You have gained an understanding of BallotOnline’s current IT issues and policies and potential SLA-related gaps in the existing IT policy. Now, you will consider the future or expected growth of BallotOnline’s IT systems.

In growth projection analysis, historical data is combined with research on market and industry trends to predict growth and forecast future requirements. To get you started, Sophia has emailed you the BallotOnline infrastructure over the last five years.

In your forecast, Sophia has recommended that you incorporate an additional 10 percent year-over-year growth for the new projects.

Write a one-page report and submit it to the dropbox below for feedback. This will later become part of the final Cloud Adoption Policy Addendum.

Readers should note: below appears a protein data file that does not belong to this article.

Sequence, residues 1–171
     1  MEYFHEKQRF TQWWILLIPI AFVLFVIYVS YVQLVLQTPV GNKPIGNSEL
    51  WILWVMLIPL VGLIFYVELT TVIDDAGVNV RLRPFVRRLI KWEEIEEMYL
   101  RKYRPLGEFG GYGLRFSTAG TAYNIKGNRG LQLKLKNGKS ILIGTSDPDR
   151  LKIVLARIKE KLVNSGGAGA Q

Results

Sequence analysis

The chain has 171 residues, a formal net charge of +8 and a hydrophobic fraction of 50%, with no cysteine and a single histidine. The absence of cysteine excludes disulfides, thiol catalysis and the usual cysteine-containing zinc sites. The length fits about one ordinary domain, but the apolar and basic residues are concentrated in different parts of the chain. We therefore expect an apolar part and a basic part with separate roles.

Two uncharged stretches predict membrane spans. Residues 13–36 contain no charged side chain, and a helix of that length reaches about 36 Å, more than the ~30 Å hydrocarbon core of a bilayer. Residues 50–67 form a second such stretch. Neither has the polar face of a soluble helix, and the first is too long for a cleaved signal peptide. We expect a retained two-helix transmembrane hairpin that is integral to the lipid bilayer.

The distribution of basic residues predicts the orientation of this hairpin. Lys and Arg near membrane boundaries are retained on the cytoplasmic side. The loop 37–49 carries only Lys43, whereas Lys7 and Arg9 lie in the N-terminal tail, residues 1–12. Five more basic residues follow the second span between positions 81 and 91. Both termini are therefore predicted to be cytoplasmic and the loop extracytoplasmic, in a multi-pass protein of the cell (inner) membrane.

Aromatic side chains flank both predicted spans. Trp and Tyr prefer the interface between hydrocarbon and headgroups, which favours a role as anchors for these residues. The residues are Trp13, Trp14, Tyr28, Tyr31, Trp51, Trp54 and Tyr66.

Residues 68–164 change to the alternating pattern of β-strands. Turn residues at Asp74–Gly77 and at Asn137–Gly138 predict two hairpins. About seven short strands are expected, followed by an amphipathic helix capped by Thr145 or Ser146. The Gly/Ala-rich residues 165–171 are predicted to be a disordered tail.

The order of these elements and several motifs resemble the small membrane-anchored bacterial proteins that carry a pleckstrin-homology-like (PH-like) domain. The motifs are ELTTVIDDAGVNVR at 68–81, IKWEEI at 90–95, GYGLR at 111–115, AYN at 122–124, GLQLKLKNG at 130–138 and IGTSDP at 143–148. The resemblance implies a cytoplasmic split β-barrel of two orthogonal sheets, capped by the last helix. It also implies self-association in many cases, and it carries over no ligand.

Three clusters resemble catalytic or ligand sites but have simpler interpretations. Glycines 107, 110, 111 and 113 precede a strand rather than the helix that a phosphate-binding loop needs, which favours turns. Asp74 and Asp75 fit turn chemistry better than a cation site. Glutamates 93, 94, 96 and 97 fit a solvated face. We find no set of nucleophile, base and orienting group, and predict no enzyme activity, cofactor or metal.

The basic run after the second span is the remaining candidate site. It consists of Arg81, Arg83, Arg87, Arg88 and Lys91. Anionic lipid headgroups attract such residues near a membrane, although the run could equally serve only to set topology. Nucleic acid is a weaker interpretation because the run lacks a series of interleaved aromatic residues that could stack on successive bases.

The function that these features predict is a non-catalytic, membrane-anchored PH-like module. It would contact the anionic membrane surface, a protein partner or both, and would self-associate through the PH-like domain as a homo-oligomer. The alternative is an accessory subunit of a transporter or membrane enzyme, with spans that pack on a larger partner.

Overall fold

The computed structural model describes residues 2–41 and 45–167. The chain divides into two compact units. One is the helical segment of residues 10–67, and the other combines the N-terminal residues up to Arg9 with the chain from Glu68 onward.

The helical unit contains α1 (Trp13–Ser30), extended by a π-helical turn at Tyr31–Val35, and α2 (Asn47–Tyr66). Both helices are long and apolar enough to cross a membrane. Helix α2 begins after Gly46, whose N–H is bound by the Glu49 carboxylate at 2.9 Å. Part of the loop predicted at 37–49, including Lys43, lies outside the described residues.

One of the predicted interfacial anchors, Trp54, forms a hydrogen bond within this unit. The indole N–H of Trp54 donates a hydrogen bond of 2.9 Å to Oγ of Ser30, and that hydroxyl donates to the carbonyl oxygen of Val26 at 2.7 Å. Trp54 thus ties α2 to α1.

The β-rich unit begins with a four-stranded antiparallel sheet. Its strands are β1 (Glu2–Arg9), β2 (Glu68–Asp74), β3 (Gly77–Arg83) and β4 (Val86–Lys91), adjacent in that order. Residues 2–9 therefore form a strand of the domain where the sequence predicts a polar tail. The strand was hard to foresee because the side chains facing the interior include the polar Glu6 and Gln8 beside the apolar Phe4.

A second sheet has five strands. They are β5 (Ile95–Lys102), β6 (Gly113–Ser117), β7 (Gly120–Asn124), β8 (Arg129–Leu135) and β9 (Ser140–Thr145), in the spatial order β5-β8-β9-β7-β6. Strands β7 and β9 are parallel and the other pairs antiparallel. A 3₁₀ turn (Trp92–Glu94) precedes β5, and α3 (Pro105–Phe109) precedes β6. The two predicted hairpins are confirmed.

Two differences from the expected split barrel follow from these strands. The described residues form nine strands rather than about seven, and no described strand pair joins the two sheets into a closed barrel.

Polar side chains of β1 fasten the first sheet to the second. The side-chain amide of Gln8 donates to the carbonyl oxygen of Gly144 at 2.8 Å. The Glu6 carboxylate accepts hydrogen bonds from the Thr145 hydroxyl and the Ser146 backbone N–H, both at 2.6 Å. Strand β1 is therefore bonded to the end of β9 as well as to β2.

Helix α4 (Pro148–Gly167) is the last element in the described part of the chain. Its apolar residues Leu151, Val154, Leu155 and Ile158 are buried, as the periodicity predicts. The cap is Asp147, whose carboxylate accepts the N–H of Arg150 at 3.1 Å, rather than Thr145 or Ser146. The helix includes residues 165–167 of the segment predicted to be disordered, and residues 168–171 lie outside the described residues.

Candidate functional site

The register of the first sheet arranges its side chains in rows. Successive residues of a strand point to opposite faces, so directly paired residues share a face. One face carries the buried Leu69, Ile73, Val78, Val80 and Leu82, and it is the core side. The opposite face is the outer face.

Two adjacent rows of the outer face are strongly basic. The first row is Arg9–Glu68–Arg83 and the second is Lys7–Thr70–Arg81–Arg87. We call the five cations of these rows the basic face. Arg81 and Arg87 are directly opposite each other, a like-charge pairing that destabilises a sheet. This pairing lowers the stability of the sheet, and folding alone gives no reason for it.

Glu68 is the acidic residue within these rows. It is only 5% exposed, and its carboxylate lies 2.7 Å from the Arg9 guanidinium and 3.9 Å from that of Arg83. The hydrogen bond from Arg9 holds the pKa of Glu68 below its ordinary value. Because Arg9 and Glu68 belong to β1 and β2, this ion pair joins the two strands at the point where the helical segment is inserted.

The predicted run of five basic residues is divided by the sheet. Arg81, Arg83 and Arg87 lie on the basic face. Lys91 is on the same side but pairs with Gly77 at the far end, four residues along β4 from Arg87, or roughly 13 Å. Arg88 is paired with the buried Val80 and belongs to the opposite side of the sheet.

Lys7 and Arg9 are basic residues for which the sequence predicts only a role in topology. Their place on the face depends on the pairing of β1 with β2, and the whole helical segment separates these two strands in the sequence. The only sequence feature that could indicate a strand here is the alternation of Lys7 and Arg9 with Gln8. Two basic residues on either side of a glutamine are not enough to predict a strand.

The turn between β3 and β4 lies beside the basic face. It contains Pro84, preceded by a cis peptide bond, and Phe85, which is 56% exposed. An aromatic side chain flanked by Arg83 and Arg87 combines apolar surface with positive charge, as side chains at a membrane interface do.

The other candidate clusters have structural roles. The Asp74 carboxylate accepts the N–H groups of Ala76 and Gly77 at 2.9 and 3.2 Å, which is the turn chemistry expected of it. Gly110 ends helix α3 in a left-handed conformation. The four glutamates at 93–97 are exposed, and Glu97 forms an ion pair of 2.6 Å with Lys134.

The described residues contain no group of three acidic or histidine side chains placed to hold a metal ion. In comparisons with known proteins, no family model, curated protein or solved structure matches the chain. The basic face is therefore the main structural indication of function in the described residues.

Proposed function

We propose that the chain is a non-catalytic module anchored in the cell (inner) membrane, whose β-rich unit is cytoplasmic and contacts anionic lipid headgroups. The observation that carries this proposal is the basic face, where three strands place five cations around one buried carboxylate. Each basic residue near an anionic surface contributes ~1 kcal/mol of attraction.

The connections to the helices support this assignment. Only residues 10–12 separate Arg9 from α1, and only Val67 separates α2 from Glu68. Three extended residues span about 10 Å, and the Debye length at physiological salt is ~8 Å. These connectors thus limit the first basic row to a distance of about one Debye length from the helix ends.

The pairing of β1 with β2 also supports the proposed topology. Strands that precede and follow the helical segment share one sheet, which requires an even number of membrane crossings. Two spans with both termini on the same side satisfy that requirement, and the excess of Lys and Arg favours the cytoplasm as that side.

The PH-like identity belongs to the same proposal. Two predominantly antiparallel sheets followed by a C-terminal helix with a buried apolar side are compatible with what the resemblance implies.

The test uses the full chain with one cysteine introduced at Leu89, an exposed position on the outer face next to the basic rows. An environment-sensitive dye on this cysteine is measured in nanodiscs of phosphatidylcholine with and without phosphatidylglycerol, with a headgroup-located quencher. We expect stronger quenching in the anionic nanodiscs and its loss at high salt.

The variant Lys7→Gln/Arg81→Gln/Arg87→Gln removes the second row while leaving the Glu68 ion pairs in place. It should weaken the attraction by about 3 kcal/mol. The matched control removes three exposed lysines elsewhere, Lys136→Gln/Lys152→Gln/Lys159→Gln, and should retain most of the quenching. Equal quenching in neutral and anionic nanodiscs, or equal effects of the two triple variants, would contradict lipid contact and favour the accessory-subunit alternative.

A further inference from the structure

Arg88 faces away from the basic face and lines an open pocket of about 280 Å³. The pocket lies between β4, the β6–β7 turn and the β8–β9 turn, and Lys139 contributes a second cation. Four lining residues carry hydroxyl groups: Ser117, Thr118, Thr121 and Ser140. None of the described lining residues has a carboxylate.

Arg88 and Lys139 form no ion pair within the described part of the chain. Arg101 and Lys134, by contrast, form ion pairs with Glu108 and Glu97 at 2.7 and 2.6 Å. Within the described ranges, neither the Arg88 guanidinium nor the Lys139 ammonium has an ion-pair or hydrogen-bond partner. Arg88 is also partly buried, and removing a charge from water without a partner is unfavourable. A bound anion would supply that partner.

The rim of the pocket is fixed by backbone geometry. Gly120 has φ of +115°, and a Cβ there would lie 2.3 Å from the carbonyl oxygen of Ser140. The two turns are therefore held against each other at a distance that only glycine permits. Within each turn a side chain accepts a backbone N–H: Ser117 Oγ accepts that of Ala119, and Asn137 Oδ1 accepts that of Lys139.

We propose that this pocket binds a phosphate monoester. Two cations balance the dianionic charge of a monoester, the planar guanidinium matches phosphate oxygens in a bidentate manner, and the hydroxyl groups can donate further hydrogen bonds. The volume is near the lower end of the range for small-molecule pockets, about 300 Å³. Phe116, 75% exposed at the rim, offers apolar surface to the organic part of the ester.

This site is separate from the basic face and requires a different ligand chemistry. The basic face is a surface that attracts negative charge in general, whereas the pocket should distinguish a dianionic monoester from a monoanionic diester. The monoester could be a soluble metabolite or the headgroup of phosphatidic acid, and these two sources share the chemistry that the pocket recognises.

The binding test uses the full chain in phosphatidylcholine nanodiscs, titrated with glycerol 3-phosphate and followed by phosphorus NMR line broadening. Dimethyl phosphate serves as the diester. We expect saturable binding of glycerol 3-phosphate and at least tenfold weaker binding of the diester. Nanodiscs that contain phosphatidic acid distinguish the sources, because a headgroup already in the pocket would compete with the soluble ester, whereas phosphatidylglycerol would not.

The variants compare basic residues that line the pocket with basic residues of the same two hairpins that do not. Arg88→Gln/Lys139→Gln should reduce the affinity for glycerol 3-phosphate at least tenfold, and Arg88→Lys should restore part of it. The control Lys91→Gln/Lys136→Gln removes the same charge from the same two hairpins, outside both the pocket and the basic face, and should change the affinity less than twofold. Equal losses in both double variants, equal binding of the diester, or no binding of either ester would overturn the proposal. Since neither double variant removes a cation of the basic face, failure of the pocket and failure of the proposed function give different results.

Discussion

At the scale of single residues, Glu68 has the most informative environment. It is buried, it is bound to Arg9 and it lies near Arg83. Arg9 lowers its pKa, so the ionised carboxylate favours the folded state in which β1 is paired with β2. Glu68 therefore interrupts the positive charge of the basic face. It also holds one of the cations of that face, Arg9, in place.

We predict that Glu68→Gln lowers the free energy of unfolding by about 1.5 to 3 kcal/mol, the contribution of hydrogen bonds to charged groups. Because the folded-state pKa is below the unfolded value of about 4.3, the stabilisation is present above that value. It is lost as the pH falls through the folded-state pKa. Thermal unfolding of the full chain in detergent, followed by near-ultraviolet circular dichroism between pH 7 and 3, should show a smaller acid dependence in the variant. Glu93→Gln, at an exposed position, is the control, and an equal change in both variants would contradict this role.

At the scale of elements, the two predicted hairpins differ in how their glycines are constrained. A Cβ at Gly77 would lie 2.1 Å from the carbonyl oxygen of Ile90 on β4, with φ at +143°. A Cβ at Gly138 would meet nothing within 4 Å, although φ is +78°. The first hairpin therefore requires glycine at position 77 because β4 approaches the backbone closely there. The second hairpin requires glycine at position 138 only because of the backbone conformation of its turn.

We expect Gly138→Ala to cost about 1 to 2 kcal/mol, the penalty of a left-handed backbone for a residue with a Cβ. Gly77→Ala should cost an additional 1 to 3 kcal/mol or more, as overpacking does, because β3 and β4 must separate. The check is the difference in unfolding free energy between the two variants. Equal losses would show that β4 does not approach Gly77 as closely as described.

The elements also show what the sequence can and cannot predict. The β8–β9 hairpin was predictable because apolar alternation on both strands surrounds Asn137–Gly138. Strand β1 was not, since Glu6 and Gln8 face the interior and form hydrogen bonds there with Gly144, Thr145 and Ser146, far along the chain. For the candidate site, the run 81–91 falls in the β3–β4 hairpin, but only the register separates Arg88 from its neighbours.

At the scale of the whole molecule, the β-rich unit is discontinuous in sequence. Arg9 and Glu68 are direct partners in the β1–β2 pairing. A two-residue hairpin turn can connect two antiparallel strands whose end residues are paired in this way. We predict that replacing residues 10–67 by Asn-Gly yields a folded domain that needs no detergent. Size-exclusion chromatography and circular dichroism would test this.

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Step 3: Develop Preliminary List of Applications and Workloads with Acceptable SLAs

Comic book panel showing mockup of handwritten checklist sitting on top of desk calendar.  The to do list reads:  (1) Review data for applications and workloads (2) Classify as "cloud ready" or not (3) Update SLAs (4) Send report to application/LOB owners.

Now, you will combine the growth projection analysis from the initial steps with an analysis of potential applications and workloads to create a list of cloud ready items. You will propose a list of applications and workloads for migration to educate the application and lines-of-business (LOB) owners affected by the cloud deployment and obtain their buy-in for the endeavor prior to implementation. You will also draft an updated service-level agreement (SLA) for these applications/workloads.